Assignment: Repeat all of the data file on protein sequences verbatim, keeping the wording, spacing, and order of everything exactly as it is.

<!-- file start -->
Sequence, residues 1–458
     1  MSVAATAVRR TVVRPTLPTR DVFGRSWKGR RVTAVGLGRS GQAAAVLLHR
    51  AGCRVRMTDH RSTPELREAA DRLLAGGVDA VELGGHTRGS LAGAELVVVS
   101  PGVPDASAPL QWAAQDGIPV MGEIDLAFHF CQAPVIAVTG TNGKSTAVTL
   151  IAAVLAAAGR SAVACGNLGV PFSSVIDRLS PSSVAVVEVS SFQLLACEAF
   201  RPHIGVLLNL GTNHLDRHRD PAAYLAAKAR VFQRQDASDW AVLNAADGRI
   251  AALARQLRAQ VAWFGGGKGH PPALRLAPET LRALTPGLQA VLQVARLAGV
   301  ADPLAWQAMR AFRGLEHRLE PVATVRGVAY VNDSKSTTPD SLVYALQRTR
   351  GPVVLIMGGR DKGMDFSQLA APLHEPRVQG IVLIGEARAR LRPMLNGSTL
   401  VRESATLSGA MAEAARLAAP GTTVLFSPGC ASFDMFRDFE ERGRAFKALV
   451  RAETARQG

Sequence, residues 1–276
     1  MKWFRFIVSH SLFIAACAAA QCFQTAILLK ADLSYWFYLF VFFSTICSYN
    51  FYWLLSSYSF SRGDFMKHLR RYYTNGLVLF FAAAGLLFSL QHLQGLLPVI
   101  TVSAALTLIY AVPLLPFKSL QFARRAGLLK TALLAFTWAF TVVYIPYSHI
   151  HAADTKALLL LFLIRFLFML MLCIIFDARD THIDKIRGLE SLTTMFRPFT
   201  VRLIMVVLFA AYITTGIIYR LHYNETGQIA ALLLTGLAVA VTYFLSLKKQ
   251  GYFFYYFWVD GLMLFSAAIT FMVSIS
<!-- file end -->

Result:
Sequence, residues 1–458
     1  MSVAATAVRR TVVRPTLPTR DVFGRSWKGR RVTAVGLGRS GQAAAVLLHR
    51  AGCRVRMTDH RSTPELREAA DRLLAGGVDA VELGGHTRGS LAGAELVVVS
   101  PGVPDASAPL QWAAQDGIPV MGEIDLAFHF CQAPVIAVTG TNGKSTAVTL
   151  IAAVLAAAGR SAVACGNLGV PFSSVIDRLS PSSVAVVEVS SFQLLACEAF
   201  RPHIGVLLNL GTNHLDRHRD PAAYLAAKAR VFQRQDASDW AVLNAADGRI
   251  AALARQLRAQ VAWFGGGKGH PPALRLAPET LRALTPGLQA VLQVARLAGV
   301  ADPLAWQAMR AFRGLEHRLE PVATVRGVAY VNDSKSTTPD SLVYALQRTR
   351  GPVVLIMGGR DKGMDFSQLA APLHEPRVQG IVLIGEARAR LRPMLNGSTL
   401  VRESATLSGA MAEAARLAAP GTTVLFSPGC ASFDMFRDFE ERGRAFKALV
   451  RAETARQG

Sequence, residues 1–276
     1  MKWFRFIVSH SLFIAACAAA QCFQTAILLK ADLSYWFYLF VFFSTICSYN
    51  FYWLLSSYSF SRGDFMKHLR RYYTNGLVLF FAAAGLLFSL QHLQGLLPVI
   101  TVSAALTLIY AVPLLPFKSL QFARRAGLLK TALLAFTWAF TVVYIPYSHI
   151  HAADTKALLL LFLIRFLFML MLCIIFDARD THIDKIRGLE SLTTMFRPFT
   201  VRLIMVVLFA AYITTGIIYR LHYNETGQIA ALLLTGLAVA VTYFLSLKKQ
   251  GYFFYYFWVD GLMLFSAAIT FMVSIS